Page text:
Trace Fossils SR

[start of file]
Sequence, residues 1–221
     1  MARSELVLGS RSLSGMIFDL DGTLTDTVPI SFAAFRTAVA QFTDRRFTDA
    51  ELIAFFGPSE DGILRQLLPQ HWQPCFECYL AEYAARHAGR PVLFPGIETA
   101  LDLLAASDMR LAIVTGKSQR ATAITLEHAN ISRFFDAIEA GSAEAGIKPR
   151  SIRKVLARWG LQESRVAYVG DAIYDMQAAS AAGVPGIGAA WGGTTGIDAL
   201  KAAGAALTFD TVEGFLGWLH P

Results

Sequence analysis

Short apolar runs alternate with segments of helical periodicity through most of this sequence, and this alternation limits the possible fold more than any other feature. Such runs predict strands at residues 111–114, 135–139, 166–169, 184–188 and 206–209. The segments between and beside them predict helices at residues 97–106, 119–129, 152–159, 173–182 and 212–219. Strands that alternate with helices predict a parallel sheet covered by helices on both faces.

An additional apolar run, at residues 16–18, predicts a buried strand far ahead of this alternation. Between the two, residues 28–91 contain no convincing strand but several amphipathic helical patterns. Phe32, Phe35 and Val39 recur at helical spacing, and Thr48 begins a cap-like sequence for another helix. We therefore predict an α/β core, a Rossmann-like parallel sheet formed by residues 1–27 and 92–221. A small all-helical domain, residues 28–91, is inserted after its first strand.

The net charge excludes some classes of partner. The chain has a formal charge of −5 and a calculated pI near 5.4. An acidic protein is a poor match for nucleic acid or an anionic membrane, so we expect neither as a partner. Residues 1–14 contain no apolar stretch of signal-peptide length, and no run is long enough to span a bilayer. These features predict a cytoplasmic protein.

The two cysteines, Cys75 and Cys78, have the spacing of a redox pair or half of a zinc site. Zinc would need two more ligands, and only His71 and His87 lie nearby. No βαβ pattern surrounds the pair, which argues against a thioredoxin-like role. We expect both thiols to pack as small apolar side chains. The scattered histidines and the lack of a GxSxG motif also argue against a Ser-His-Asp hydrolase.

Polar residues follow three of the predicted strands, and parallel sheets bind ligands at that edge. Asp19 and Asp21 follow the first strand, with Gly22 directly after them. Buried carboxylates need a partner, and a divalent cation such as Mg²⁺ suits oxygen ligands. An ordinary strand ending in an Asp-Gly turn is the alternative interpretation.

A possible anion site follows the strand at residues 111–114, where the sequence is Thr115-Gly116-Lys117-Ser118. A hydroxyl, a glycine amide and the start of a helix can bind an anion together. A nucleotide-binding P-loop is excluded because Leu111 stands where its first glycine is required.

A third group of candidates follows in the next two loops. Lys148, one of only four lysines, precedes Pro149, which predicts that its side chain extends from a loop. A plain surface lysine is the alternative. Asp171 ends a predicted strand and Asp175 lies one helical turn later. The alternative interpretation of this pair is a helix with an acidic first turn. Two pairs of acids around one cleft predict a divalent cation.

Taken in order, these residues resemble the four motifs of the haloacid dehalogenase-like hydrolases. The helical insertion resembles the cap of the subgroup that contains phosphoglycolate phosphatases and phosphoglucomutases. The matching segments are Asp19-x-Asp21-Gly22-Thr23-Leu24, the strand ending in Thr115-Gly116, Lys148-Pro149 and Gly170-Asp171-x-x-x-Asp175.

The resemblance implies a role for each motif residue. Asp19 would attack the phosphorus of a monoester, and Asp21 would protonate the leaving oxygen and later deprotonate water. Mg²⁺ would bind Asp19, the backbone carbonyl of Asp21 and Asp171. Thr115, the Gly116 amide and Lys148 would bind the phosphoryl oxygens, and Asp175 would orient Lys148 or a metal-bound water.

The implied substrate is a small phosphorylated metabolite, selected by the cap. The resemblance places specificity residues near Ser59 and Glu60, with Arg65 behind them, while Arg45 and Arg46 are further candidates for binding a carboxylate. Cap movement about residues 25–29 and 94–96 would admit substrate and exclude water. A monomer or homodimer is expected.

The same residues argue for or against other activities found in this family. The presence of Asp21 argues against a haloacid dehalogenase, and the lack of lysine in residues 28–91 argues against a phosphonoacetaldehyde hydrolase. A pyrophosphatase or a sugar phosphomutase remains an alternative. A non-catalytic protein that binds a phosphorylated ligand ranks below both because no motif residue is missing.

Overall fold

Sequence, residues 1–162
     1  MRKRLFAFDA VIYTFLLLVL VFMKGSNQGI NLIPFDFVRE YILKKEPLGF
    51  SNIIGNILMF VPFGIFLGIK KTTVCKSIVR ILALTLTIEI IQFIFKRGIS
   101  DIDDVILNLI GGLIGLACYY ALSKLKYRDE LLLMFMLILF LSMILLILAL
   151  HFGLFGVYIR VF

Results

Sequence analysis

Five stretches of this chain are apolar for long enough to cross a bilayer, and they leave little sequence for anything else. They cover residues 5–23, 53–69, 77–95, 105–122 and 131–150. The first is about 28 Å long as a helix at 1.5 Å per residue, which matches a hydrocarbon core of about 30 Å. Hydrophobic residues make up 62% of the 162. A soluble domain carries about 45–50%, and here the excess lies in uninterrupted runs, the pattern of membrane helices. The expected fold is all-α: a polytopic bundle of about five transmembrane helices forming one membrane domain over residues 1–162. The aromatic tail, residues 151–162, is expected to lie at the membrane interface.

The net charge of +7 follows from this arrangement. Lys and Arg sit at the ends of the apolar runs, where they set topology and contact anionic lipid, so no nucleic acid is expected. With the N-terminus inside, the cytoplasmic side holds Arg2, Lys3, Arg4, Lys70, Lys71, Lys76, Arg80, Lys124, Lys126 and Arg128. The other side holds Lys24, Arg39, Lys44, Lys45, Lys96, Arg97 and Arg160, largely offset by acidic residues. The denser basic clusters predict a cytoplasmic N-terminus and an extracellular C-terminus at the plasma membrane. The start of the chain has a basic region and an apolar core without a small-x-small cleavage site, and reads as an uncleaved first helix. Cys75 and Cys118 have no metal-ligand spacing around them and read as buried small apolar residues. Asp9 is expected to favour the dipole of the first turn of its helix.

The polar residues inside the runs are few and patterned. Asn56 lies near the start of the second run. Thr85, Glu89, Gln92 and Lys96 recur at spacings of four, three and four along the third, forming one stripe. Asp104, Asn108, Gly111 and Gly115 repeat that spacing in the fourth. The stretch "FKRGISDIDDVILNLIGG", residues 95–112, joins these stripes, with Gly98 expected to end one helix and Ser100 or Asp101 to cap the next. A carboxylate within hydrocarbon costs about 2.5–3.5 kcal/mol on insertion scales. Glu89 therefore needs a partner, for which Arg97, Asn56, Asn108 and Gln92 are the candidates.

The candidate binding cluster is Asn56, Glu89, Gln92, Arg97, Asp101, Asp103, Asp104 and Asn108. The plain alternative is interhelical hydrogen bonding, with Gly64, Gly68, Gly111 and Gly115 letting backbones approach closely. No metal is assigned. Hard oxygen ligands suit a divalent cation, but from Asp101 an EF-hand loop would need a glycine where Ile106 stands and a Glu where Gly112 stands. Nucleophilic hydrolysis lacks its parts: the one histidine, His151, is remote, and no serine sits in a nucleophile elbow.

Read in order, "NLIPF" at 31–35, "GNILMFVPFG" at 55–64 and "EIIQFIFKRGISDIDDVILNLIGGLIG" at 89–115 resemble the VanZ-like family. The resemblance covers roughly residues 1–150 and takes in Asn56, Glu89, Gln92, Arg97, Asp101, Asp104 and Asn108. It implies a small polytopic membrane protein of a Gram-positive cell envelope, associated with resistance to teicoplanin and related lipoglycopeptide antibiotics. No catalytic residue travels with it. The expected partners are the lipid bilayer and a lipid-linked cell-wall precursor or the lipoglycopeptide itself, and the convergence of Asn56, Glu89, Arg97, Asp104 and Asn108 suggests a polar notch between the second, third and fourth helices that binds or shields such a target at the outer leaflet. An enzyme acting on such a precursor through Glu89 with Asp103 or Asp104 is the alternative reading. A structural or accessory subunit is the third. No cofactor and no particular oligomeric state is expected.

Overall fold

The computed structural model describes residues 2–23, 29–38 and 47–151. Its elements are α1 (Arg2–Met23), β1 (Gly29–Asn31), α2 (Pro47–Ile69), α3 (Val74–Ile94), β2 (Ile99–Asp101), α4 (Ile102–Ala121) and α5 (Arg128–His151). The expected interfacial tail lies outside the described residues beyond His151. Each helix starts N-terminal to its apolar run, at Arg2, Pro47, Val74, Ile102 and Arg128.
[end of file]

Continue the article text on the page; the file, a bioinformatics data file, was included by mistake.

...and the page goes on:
Fossils provide clues to Earth's history. They provide important evidence that helps determine what happened and when it happened in prehistoric times. This information can be used to make inferences about past environments. One type of impression fossil is a trace fossil. A trace fossil is a sign of activity made by an organism. Trace fossils can be tracks, trails, resting spots, burrows, footprints, teeth marks, body outlines, and tail prints. The traces show activities of ancient life. For a trace to become a fossil, an impression needs to be left in soft sediment. The sediment hardens and is preserved after being quickly covered with more sediment. Scientists use these trace fossil clues to infer how dinosaurs and other ancient organisms lived and moved. The process of making a trace fossil would be similar to you stepping into some soft soil and leaving your footprints. After your footprints dry they are then rapidly buried by mud. Over time the mud becomes rock and your footprints become fossils. Eventually the sedimentary rock covering your footprints erodes and your footprints are found. They look just as they did when you stepped in the mud. Those who find your footprints can infer what you looked like and how you walked.